Posted on: Tuesday, December 9/08
Executive Director Martha Mackinnon is always busy. Her modest office is replete with stacks of books and files, and there is a sense of organized chaos to the place. Whether it's dealing with the ongoing repercussions of youth crime legislation or representing the interests of youth in a wide range of forums, there is always much to do.
Welcome to the headquarters for Justice for Children and Youth.
The thirty-year-old, Toronto based organization has had quite an impact on the legal system. A regular fixture before the Supreme Court of Canada in recent years, Justice for Children and Youth (JUST) has been present for every case involving the Youth Criminal Justice Act. The group has been behind a long list of amendments and rulings, from successfully battling a board of education and re-enforcing the need for programs for "hard to serve children" in 1985, to intervening at the SCOC on a landmark case last year involving "lockdowns" in schools and the use of sniffer dogs.
The amazing scope of JUST activities recently found it involved in the case of a fifteen-year-old girl from Winnipeg, Manitoba fighting a court order allowing doctors to give her a blood transfusion against her wishes. Child welfare workers insisted that the transfusion was necessary to help with the teenager's struggle with Crohn's disease, but the girl's religious beliefs strictly forbid it. JUST was granted intervener standing, meaning the court felt the organization could contribute valuable input to the case. Mackinnon is adamant that child protection issues, while important, shouldn't automatically trump a young person's religious and autonomy rights.
Considering it advocates for youth cases countrywide and reaches over 10,000 young people a year, the clinic's staff is rather small, consisting of only eight people. JUST has five lawyers on staff (six if Mackinnon is included) and only two are full time. It's not enough, but Mackinnon hopes that with the help of other clinics and pro bono lawyers, more can be done.
That includes education. The clinic already does what it can to involve itself in the community, informing the public through school visits, speaking at conferences and publishing reams of educational material. JUST keeps its ear to the ground through its Youth Action Committee (YAC), a volunteer advisory committee primarily comprised of secondary school students whose diverse backgrounds and age provide a valuable perspective.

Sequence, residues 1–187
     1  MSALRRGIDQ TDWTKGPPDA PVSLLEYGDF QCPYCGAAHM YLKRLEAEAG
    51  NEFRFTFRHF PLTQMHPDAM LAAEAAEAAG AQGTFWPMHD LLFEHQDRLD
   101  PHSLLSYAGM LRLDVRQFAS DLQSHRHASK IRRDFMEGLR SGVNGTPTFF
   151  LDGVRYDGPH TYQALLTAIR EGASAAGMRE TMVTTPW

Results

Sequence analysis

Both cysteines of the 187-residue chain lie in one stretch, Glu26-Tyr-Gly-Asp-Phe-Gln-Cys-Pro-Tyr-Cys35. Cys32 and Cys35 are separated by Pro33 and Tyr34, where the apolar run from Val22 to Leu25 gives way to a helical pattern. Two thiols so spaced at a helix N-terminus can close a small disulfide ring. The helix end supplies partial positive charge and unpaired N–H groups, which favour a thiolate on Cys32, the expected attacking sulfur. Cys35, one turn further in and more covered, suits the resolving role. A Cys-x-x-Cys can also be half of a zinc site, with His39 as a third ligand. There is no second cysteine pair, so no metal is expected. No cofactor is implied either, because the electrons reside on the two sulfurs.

The clinic has literally taken its commitment to the streets. JUST's Street Youth Legal Services (SYLS) provide legal information, advice, referrals and representation to street-involved youth - non-housed people constantly in transition, in and off the streets - at shelters and drop-in centres.
The team, a lawyer working in conjunction with an independent partnership development co-ordinator, assists young people up to twenty-four years old. Funding for SYLS' next two years has become more certain recently with the longer-term commitment of sponsors, including the Ontario Trillium Foundation and long-time funding partner, The Law Foundation of Ontario.
Two thirds of JUST's financial backing comes from Legal Aid Ontario, making it the clinic's core funder. Potential clients coming into the clinic for help are generally obliged to take a financial eligibility test; however, not all clients need to be concerned about qualifying. Eligibility will depend on the circumstances: a youth's income alone may be the basis for eligibility where the young person's legal interests are opposed to those of the parents, while the parents' or guardians' financial situation may be considered in another.
It also depends on location. The only legal clinic of its kind, JUST provides assistance across Ontario either by phone or through its website. In these cases financial circumstances are not verified; JUST provides summary advice and information to youth who need it. Clients in Legal Aid Ontario's certificate program are eligible for assistance in school expulsion cases.
Over the next year, JUST plans on approaching several community clinics and encouraging more involvement in cases concerning youth in schools. The three-step process begins with Mackinnon first addressing the area directors and community clinic board of directors, then clinic staff, duty counsel, pro bono and certificate bar lawyers, followed by community workers and parents.
A follow-up meeting within six months to a year after the initial contact, by web or video conference, would allow the community to learn of any updates in the law and to share concerns regarding youth issues.
In the meantime, Mackinnon will continue fighting to ensure youth are able to have their say